Coronavirus and Pregnancy – Part II

As we enter the Passover and Easter Holidays, it is a time – like spring – reserved for renewal and rebirth. Religion aside, we have come face to face with a new pandemic that continues to evolve and affect our society in so many ways. As a health practitioner, my colleagues and I continue to risk our well being and health to ensure that other individuals stay safe and healthy. With coronavirus taking a toll on patients globally and locally, a sobering reality comes to perspective: Am I doing everything I can to stay safe?

In the last couple of weeks, many patients, family, and friends have asked: how can I keep myself, my pregnancy and my loved ones safe?

As an OBGYN, it is such a thrill to have patients and their loved ones present to witness the miracle of birth and life. I chose a field that is supposed to be immune to the harsh realities of life. Yet, with COVID-19 knocking on each of our doors, we need to continue to be vigilant about our health, that life continues to change and evolve around us. One of the more difficult experiences is telling both my pregnant and non-pregnant patients what they can and cannot do during this time. It has been especially challenging guiding my pregnant patients with so many unknowns associated with this virus.

Just a couple of weeks ago, my patient at my new practice delivered her new baby girl. It was nine months or personal care and focus, ensuring that after all the challenges my patient had to get pregnant, that we reached the finish line together. And despite all the restrictions associated with COVID-19, her partner was there with an incredible team of nurses to help her deliver. All the fears and chaos that came with COVID-19 disappeared the minute she delivered this incredible baby girl. And at this moment in this photograph (allowed with permission from the mother), I was able to hold this newborn after being all gowned up and protected with PPE, she held my finger, a reminder that we find purpose in the smallest things in life. I was reminded that I love what I do. I was reminded that there is hope for our future.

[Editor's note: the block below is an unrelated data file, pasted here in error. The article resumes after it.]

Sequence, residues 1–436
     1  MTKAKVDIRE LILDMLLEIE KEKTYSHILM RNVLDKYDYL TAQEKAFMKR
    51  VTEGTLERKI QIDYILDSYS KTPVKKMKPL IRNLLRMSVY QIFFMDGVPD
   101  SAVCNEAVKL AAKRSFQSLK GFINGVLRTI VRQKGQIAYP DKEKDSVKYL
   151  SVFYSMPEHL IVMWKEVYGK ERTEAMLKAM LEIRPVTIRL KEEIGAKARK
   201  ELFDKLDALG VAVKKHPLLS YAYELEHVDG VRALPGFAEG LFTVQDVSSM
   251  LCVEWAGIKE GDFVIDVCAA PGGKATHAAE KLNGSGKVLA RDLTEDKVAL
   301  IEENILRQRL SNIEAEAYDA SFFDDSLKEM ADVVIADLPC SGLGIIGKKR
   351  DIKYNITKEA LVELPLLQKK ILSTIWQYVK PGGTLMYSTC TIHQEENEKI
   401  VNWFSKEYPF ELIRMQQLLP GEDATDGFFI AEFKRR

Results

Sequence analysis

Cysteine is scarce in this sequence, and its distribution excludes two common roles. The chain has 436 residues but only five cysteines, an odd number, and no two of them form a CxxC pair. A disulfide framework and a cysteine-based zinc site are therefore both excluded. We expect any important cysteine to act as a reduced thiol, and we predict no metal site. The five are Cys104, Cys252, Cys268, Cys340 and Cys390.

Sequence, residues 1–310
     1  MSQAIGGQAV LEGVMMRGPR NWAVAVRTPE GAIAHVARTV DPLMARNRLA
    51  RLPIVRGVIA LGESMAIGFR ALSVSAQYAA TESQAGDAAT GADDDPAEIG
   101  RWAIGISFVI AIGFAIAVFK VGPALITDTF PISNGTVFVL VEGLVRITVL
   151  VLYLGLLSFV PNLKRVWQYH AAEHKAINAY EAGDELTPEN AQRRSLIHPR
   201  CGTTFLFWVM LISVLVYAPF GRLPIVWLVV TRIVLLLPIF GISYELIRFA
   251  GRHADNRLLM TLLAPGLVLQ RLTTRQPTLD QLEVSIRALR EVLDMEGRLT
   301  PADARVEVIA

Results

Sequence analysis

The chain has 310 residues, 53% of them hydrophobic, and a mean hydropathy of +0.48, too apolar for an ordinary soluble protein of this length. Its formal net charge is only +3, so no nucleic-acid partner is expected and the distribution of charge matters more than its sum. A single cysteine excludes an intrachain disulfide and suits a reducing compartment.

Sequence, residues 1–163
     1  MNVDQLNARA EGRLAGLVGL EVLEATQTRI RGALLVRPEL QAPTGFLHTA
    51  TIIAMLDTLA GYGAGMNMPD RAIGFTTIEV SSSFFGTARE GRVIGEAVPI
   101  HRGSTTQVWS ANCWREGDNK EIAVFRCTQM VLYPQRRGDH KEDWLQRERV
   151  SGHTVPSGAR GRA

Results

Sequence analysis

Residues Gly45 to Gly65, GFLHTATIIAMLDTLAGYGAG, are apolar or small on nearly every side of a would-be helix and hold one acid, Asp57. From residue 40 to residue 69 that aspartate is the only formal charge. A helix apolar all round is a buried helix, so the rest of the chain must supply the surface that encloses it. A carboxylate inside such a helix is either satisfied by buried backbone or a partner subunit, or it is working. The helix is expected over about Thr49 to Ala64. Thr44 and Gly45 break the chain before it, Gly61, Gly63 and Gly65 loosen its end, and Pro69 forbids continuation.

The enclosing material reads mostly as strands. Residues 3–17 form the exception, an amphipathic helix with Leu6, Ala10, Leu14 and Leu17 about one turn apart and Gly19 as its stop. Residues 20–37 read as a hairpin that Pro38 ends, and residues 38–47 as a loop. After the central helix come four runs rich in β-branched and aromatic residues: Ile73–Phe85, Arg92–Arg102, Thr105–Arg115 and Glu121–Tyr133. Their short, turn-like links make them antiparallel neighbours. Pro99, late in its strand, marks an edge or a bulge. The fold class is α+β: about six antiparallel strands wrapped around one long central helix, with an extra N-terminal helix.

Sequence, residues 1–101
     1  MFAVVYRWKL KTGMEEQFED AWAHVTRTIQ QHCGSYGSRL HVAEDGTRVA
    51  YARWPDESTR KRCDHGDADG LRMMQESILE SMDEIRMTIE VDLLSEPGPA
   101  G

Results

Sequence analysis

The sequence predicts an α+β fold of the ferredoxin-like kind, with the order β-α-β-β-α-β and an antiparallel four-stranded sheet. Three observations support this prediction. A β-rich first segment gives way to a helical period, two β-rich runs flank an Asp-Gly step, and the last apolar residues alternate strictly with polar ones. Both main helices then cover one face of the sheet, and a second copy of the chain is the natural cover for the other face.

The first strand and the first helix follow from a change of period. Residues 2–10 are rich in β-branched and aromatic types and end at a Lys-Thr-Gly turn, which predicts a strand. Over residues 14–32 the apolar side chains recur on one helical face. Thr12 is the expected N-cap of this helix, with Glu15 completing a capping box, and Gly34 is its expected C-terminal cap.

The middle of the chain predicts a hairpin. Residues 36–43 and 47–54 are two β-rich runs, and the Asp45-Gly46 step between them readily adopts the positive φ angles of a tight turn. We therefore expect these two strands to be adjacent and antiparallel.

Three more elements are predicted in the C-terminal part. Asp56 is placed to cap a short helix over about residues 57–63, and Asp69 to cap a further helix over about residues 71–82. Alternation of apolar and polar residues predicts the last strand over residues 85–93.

I wanted to take the time to answer a few frequently asked questions that I have encountered during the last few weeks. Many of the answers will be vague; many will be upsetting or directionless. I hope that I can create some clarity. I hope that we can overcome this “Egypt” known as coronavirus and travel through a desert, to a promised land that is filled with life, happiness, certainty, growth, and prosperity.

Frequently Asked Questions

Does the number of visits during my prenatal care matter?

This depends on whether your pregnancy is high risk or low risk. High-risk pregnancies, such as those women with diabetes of pregnancy, high blood pressure, twin pregnancies, may require some more in-person appointments along with telemedicine appointments. Spacing out the appointments to minimize the number of visits is a valid and appropriate method to decrease the spread of the virus.

For low-risk patients, visits every 4 weeks may be appropriate (one recommendation is in-person prenatal visits at 12, 20, 28, and 36 weeks of gestation, which line up with ultrasound and laboratory visits).

Can I be induced earlier because of the COVID-19 Virus?

In general, the guidelines for delivery have not changed. If a mother is tested positive for COVID 19 and is exhibiting symptoms that are threatening her well being, which in turn can cause fetal distress, then there may be a reason to deliver earlier. However, these decisions should be made between an OBGYN, the patient and the high-risk pregnancy physicians who are available in these difficult decisions.